A Washington state woman who says she was sexually assaulted by the man seated next to her on an overnight flight from Seattle to Amsterdam is suing Delta Air Lines, aiming to improve how airlines deal with such incidents.
A Washington state woman who says she was sexually assaulted by the man seated next to her on an overnight flight from Seattle to Amsterdam is suing Delta Air Lines over its handling of the incident.
Allison Dvaladze, who launched a Facebook campaign to draw attention to such mid-air assaults, said she’s suing to try to force action by the airlines to address the problem.
“I’ve run into a brick wall with Delta,” she said in a phone interview. “This keeps on happening. Airlines need to acknowledge that it’s a problem and that ignoring it is not acceptable.”
Dvaladze told the Seattle Times in December that on the 2016 flight, the
stranger sitting beside her grabbed her crotch while she was drifting to sleep in the darkened cabin and then repeatedly groped her as she protested and struggled out of her seat.
Most Read Business Stories
- For crew of 2,100-passenger cruise ship, frenetic 'turnaround day' in Seattle starts and ends the journey
- Nordstrom's new investments start to show results
- T-Mobile gets rid of robot system for customer service calls WATCH
- Boeing 737 chief Scott Campbell to retire at year-end, memo announces amid factory snarl
- Amazon reportedly in the running to acquire Landmark movie chain
The lawsuit, filed Tuesday in U.S. District Court in Seattle, says Dvaladze ran to the back of the plane to alert the flight crew after she was assaulted, but that the crew’s response was inadequate and negligent.
The suit alleges the airline did not have clear policies in place to deal with sexual assaults and did not adequately train its flight crews on how to respond to victims.
Dvaladze says she was allowed to change seats, but before landing, the crew asked her to return to her original seat next to her assailant. She refused.
The suit says flight attendants did not contact law enforcement, and as a result the culprit was able to walk off the plane in Amsterdam without consequences.
Dvaladze said she was told the man wasn’t sitting in his assigned seat and the crew did not establish his identity. The FBI opened an investigation after Dvaladze returned to Seattle weeks later, but was unable to identify her assailant.
When Dvaladze complained to the airline, Delta offered her 10,000 SkyMiles as a “small token in hopes of easing some of the frustration and inconvenience you may have felt.” After she repeatedly pushed for a more adequate response, Dvaladze says, Delta eventually informed her it had no record of the incident.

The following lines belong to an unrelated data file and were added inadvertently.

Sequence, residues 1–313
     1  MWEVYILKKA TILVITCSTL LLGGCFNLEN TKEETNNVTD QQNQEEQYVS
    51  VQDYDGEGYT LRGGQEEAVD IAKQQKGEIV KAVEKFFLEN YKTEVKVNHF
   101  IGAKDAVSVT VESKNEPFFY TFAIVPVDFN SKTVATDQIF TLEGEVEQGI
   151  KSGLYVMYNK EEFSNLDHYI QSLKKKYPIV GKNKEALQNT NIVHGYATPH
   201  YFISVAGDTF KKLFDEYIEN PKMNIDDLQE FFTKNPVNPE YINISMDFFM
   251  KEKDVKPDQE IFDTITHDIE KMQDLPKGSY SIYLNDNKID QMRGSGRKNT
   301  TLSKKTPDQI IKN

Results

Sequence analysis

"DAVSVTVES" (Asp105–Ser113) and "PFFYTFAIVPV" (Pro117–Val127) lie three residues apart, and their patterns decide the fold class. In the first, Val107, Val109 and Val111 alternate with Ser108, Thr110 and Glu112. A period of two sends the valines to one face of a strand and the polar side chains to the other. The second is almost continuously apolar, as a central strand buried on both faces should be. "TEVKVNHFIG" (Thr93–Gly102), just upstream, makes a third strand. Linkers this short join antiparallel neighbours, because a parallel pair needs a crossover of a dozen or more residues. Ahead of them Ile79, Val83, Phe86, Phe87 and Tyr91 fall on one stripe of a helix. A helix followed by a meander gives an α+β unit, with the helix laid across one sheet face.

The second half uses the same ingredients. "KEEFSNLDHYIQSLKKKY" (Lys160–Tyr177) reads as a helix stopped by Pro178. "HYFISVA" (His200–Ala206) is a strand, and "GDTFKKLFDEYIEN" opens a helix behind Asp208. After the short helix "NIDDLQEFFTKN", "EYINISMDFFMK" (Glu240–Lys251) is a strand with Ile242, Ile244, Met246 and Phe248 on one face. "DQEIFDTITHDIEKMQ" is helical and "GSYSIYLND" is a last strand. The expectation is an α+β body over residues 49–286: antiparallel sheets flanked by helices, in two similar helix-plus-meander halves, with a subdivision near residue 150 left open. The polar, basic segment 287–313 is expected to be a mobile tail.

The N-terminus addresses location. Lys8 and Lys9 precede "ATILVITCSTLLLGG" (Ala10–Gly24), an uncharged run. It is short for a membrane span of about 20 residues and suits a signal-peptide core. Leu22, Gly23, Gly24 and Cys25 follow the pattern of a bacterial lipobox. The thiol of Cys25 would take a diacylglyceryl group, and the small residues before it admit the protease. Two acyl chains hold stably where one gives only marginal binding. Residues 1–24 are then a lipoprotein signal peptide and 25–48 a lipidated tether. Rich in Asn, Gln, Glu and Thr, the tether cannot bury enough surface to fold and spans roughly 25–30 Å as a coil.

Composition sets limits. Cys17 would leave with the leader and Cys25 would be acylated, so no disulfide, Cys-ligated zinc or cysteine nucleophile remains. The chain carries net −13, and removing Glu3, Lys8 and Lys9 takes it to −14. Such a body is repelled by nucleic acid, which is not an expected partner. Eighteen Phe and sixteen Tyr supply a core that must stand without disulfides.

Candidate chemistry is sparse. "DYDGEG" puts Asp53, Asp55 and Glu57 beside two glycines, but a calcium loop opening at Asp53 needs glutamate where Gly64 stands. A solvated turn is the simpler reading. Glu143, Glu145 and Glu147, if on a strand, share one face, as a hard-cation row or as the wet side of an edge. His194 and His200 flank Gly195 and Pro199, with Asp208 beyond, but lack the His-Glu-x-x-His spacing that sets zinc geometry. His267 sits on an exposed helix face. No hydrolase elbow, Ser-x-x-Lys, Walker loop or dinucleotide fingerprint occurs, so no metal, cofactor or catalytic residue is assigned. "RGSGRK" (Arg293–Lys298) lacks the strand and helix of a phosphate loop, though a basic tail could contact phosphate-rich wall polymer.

The lawsuit alleges that Delta is liable under the Montreal Convention, which governs international air travel. That treaty says an airline is liable for “bodily injury” suffered by a passenger due to any accident while on board the plane.
Dvaladze said there is some precedent in other cases that suggest liability for what the lawsuit alleges — “pain, shock, emotional distress,” and other psychological effects as well as loss of income and medical expenses.
Sexual Assault HotlineIf you have experienced sexual assault and need support, or if you would like more information about sexual violence, call King County Sexual Assault Resource Center’s 24-hour Resource Line at 888.99.VOICE or visit www.kcsarc.org/gethelp. RAINN operates a free and confidential hotline for sexual assault survivors at 800-656-HOPE (800-656-4673). There is also an online chat option here.
A former FBI agent responsible for collecting information at Seattle-Tacoma International Airport on inflight crimes told the Seattle Times in December that groping and sexual misconduct aboard commercial flights is more common than the public generally realizes — and that many of the perpetrators get away without being charged.
Last summer, Senator Patty Murray co-sponsored a bill to mandate training of flight attendants in handling onboard sexual assaults and require reporting of such crimes.
However, Dvaladze said she has slim hope of that bill becoming law and so wants to force the airlines into action by other means.
Delta declined to comment on the lawsuit.